By Tara Wall
(CNN) -- I can't remember exactly when I began reading Ebony. I've been flipping -- now scrolling -- its pages as long as I can remember. Like family, it's just always been there and helped form my perspective.
That's why it was so troubling for me when a senior editor of the esteemed magazine, Jamilah Lemieux, recently went on a Twitter tirade against black Republicans, failing to uphold the standards that I'd come to expect from Ebony.
"I care about NOTHING you have to say," she wrote while disparaging conservatives and Republicans in general.
This was not the Ebony I'd grown up with, I thought, the Ebony I'd worked with, that encouraged political discourse and diversity of opinion. To my relief, the next day, Ebony issued an apology for its editor's actions after receiving a letter from Republican National Committee Chairman Reince Priebus.
"EBONY strongly believes in the marketplace of ideas," the editors wrote in their response. And we all should. Any good publication allows for diversity of thought. Any good journalist should be able to listen to all sides of an issue. She should not resort to the virtual equivalent of putting her fingers in her ears.
As a conservative black woman, I understand I'm in the minority of a minority. But I challenge all of those who disagree with me to listen to what my party has to say. Are your opinions based on hasty assumptions? Or were they formed after reasoned debate?
We don't have to agree on every issue. We shouldn't. But we can't claim to be informed citizens if we refuse even to hear another perspective.
And it's never been more important for us to be informed than at a time when our political clout as black Americans, especially black women, is growing. In last year's gubernatorial race in Virginia, where I live, black women turned out to vote at a rate higher than other demographic groups, according to exit polls, just as we did in the past two presidential elections. It's in our interest to understand the full spectrum of political ideas.
Most black Americans only need to ask a parent or grandparent to hear stories of when the opinions, views and voices of blacks were silenced, not because of what they said but because of who we are.
Some of us have experienced that bigotry firsthand. How can any one of us, then, be so quick to refuse to listen to others?
If you take the time to listen, you might be surprised at what you hear. Ask a Republican about education policy, and you might learn that she is fighting to ensure school choice is the right of parents to choose the school that's right for their kids, regardless of their ZIP code.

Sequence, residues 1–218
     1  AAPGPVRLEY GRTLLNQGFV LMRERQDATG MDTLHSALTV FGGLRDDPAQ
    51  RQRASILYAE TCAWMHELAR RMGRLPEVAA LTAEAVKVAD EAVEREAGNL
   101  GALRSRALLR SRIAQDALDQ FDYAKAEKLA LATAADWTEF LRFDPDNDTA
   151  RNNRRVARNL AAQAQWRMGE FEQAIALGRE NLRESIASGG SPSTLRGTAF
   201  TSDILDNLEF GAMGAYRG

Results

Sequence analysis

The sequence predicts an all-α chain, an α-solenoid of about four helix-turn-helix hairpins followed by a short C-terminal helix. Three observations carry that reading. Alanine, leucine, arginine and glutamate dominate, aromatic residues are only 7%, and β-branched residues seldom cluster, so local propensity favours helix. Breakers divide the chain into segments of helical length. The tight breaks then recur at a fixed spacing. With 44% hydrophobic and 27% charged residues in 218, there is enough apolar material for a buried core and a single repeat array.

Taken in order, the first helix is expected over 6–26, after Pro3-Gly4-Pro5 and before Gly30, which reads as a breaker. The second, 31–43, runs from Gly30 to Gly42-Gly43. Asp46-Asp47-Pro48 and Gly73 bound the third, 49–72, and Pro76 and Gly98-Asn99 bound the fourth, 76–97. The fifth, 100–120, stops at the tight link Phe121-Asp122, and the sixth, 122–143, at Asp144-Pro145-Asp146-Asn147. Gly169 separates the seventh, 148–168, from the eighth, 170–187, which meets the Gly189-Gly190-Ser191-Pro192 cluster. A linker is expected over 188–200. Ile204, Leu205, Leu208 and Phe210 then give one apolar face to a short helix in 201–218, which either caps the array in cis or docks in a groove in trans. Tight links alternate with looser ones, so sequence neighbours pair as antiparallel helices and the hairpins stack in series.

Yes, Republicans agree with the majority of black parents.
If a black female entrepreneur asked a conservative about economic policy, she might learn that Republicans at every level of government are fighting to streamline regulations so that she can grow her business faster, hire more workers and keep more of what she earns.
Yes, Republicans are fighting for her, too.
If the young black millennial who's looking for work asked a Republican congressman what he'd done for him lately, he'd hear about the 40 jobs bills that the Republican-led House of Representatives has passed but the Democrat-run Senate has refused to consider.
Yes, you might be surprised.
In the course of my career, I've worked as a journalist and held editorial management positions at a number of media outlets. Objectivity and balanced coverage were demanded; personal views could not and did not interfere with a reporter's duty to tell the full story.
That's because journalism and political discourse must make room for a diversity of opinions. The "marketplace of ideas" can sort out what's right, wrong, persuasive and not. And it won't be the same for every person.
But for me and many others, conservative policy solutions offer more financial freedom, greater religious freedom and more economic opportunities.
And if you can't understand why, well, that's all the more reason why we need to engage in meaningful political discussion.
Tara Wall is senior strategist for media and engagement at the Republican National Committee and founder of the PTP Foundation for Media Arts. The opinions expressed in this commentary are solely those of the author.